A survey from Hitachi Capital Business Finance reveals that older small business owners will continue with hybrid and home working, whilst younger small business owners seem raring the get back to a bustling office in the next six months.
The Hitachi survey was conducted by MaruBlue among a representative sample of 1,464 small business decision-makers on 8-11 May spanning industry sectors.
At a time when the nation gears up for a return to a pre-pandemic world of work, Hitachi Capital surveyed a representative sample of 1,464 small business owners and decision-makers, asking where they plan to work by the end of this year. The findings reveal that business owner age determines the environment that will be adopted after Covid – not sector, location, size or turnover.
Bosses aged over 45 were found to be nearly twice as likely to be considering remote working by the end of this year as those under 35 (52% vs. 29%). Specifically, around a quarter planned hybrid working (27%), with roughly the same proportion completely working remotely (25%), suggesting the older generation has adjusted well to the new methods of working during the lockdown era.
By contrast, bosses under 35 were significantly more likely to be planning a return to the office or on-site work environment. Around half (50%) intended to ask staff to return to the office – significantly higher than the proportion considering hybrid working (15%), or working entirely from home/remotely (16%).
Asking about what was important about their working environment for the next 12 months, the answers pointed to notable differences in priorities between the age groups. For bosses over 45, family time and the desire to minimise the threat of Covid were front of mind. Two in five (44%) wanted to ensure a good work/life balance long-term for staff, while 39% prioritised having a Covid-secure environment long term (38%). A quarter (23%) pointed to the benefits the increased use of technology was having to become a more agile business.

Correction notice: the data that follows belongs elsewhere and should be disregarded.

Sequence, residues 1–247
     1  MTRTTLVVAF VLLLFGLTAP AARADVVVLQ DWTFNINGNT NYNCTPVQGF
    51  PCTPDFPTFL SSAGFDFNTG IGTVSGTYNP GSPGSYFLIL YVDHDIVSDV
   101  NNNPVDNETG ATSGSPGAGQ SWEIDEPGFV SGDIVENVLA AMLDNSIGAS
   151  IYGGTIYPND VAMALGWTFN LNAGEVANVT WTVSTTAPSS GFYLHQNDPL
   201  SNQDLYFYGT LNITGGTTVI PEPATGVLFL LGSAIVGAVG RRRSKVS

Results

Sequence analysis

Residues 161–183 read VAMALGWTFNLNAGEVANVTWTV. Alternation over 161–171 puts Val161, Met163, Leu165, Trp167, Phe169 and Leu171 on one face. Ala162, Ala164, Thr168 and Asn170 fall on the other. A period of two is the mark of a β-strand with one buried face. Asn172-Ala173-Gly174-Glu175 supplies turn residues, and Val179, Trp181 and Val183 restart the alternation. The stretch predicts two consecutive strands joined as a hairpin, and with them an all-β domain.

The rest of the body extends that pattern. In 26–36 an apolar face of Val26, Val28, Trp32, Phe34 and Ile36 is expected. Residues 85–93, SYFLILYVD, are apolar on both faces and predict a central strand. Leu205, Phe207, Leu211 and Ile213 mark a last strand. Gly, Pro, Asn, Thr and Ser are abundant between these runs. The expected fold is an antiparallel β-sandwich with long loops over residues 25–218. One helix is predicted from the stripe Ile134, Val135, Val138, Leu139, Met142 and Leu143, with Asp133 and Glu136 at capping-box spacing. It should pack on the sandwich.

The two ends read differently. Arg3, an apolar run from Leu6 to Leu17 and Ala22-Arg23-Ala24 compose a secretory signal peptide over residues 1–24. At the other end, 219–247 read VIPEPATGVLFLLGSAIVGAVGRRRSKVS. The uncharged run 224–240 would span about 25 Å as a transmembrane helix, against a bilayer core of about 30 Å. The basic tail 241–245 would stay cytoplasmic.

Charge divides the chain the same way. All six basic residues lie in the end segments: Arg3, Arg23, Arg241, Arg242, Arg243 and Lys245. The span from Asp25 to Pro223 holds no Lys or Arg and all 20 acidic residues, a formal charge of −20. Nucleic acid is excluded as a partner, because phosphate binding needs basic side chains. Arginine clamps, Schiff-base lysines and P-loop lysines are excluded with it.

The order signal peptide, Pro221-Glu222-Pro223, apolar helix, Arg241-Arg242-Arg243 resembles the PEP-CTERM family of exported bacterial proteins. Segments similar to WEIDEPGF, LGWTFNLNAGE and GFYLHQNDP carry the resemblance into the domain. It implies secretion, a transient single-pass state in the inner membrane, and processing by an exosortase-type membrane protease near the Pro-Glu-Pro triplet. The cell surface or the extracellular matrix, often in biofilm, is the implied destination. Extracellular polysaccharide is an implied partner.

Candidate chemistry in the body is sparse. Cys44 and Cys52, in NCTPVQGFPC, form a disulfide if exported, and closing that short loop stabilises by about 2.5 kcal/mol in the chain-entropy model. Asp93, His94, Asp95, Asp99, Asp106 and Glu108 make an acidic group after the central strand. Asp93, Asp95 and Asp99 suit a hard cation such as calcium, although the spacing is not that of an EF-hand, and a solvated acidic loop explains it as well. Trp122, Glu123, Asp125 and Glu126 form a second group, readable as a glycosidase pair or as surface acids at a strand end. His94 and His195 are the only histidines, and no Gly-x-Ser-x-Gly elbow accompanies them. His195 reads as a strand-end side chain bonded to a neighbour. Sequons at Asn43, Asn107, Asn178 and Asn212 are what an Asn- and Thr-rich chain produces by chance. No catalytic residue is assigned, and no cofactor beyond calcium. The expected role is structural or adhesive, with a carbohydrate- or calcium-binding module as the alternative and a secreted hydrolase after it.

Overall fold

Meanwhile, for bosses under 35, the focus was significantly more focus on the benefits of a workroom environment. Top priorities included ensuring a positive dynamic between team members (25%), having a good environment for staff’s mental health (25%), and the ability to deliver a better service (24%).
These findings dash assumptions that the younger, more tech-savvy generation are driving changes in work habits. In contrast, it is older small business owners that have greater experience that feel more able to work on their own or away from an office environment.
Joanna Morris, head of Insight Hitachi Capital Business Finance, said: “Small businesses have gone through a lot of change as a result of the pandemic, with many forced to adapt to new ways of working, whether this be hybrid or home. As we emerge from the restrictions of the past year, this is the moment when small business owners can, for the first time, exercise choice in how they want to work going forward.
“The [Hitachi survey] shows there is no single viewpoint. Some small businesses want to return to the traditional workplace – and, whilst the proportion that do this is set to rise, less than half of small businesses will return to the office. Hybrid and home working are here to stay which means there will be far greater diversity than ever before in how small businesses choose to work.
“There is no average or norm anymore – small businesses will work from a range of environments, with each having different perceived benefits. At Hitachi Capital Business Finance we celebrate the growing diversity of the small business community and we will adapt our services to support their varying and specific needs.”
Our feature from 28 April
‘We came together so well in a remote circumstance’
Richard Jones, the chairman of the UK’s Finance & Leasing Association (FLA), looks back on the lessons learned over the last year and considers what’s next for the trade body.
We’re about eight weeks away, with lots of fingers crossed, from all restrictions being lifted in the UK. I hope that many of you will be freshly ‘shorn’ of any lockdown haircuts and, like I was earlier, you may well be trying to remember how to tie a tie for the first time in a while and figure out what you used to do to get into a building to go to work.
This is a remarkable period we find ourselves in and before we turn our mind to what lies ahead, I’d like to briefly reflect on what we’ve been through as an industry …. (read more)